We mentioned earlier that we had a tough time getting this guy to stutter, and we're giving at least some credit to the stock v3.0.1 build of Android that's thrown on here. Not that we've got anything against TouchWiz UX, per se, but we've always been big fans of Google's untainted Android experience. If you'll recall, we heard back at CTIA that Sammy would be yanking TouchWiz "in select regions" -- we've a hard time believing that the US is included there, but at least on our LE model, there's only a few instances where Samsung's fingerprints are shown on the software.
Outside of the standard applications, we found a copy of QuickOffice HD, Amazon MP3, Amazon Kindle for Android, Movie Studio, Music Hub (a bit pointless given the introduction of Music Beta), Pulse (a feed reader / news gatherer with a rather impressive design layout) and Samsung Apps.
While this is most definitely cleared by Google for Android Market access, Samsung Apps is yet another venue for fetching programs for use on the Tab 10.1. It's highly probable that it's simply unpopulated due to us having this tablet a solid month before its general release, but either way, calling what we saw here "underwhelming" is quite the understatement.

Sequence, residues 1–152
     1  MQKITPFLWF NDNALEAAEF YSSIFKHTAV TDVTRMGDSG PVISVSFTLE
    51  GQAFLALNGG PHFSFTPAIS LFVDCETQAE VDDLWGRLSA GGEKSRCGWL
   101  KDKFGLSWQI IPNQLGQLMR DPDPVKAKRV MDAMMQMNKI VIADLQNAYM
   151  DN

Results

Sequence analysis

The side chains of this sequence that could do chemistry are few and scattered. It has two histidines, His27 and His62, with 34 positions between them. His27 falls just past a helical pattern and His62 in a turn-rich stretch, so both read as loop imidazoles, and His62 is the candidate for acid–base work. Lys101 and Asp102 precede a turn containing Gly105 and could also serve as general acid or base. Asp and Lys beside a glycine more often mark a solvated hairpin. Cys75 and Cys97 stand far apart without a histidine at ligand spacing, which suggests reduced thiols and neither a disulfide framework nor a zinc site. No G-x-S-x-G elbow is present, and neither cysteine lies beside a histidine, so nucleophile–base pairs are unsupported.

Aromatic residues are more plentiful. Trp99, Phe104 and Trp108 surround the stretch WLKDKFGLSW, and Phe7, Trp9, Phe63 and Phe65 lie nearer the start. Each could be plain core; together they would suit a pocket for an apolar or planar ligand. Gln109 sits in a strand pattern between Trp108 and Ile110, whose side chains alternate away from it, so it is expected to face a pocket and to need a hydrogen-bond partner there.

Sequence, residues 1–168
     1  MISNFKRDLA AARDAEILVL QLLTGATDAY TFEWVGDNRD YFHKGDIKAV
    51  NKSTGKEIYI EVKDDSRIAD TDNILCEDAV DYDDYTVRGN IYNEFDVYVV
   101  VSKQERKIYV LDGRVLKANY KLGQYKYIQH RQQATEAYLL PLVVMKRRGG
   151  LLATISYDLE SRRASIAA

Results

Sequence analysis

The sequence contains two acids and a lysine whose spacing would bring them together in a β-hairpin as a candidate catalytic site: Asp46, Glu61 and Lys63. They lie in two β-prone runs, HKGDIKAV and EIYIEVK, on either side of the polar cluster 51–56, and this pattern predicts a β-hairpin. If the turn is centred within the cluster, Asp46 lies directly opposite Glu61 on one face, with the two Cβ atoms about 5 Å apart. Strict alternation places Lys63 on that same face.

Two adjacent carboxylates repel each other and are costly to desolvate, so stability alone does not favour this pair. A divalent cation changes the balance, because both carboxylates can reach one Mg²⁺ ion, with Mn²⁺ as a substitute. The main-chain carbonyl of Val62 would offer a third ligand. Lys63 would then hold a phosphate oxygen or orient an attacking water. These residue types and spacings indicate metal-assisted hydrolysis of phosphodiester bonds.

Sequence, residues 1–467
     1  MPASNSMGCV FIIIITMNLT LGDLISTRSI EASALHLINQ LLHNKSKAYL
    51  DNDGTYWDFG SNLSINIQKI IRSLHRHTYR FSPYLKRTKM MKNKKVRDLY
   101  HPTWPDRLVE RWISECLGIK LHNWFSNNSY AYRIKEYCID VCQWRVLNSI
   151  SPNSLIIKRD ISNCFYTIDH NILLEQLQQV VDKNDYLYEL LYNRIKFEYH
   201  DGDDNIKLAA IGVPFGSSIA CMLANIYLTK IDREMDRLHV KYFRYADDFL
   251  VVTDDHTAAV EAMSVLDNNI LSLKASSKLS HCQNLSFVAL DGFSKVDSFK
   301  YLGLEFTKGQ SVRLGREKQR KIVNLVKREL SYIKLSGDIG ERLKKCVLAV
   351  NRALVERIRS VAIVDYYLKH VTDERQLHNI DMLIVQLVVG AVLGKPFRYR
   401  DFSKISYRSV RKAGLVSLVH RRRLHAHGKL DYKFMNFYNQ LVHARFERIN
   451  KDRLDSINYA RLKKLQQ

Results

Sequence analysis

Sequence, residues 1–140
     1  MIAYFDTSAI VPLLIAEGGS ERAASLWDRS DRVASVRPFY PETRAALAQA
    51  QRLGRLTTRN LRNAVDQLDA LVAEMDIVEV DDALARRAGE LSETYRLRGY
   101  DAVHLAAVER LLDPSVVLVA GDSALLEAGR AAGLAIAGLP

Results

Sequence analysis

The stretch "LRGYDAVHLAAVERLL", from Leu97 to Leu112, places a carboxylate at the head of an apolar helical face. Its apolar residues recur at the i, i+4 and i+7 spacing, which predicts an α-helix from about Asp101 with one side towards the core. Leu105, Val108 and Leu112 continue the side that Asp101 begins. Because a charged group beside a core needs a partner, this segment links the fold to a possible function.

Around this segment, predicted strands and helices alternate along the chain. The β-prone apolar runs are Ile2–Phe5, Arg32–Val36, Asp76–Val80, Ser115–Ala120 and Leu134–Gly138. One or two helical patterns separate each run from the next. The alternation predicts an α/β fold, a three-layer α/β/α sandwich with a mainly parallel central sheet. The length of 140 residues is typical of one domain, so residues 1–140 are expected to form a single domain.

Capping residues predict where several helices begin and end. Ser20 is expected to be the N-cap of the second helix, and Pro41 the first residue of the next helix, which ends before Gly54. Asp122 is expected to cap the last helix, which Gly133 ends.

Beyond that, it's the same Honeycomb we've grown to know and appreciate, at least for a few more weeks. Android 3.1 is already making itself comfortable on Motorola's Xoom, and we're told that this particular slate should see the same update "in the coming weeks." If you're wondering what kind of niceties that'll bring, we'd invite you to have a look at our video hands-on right here.
The stock keyboard, as we've mentioned before, is fairly spartan. We'd recommend swapping in SwiftKey as soon as humanly possible, but overall, Honeycomb's basic typing tools are still superior to those found in Froyo and Gingerbread. Of course, the dedicated Gmail app is nothing short of outstanding, and it remains one of the major reasons for heavy Gmail users to stick with Android over any other tablet OS.
Samsung Galaxy Tab 10.1 sample image gallery
The 720p movie mode is markedly better, as proven in the video embedded above. Despite having reasonably nice results here, shooting video (and even still images) on a tablet still feels like a fool's game. We were constantly stared at while attempting to capture this footage as discretely as possible, and felt as if we were doing something inherently wrong all the while. Maybe we're just overly worried about our image -- but maybe, just maybe, you shouldn't be using a 10.1-inch slate to take photographs and shoot video.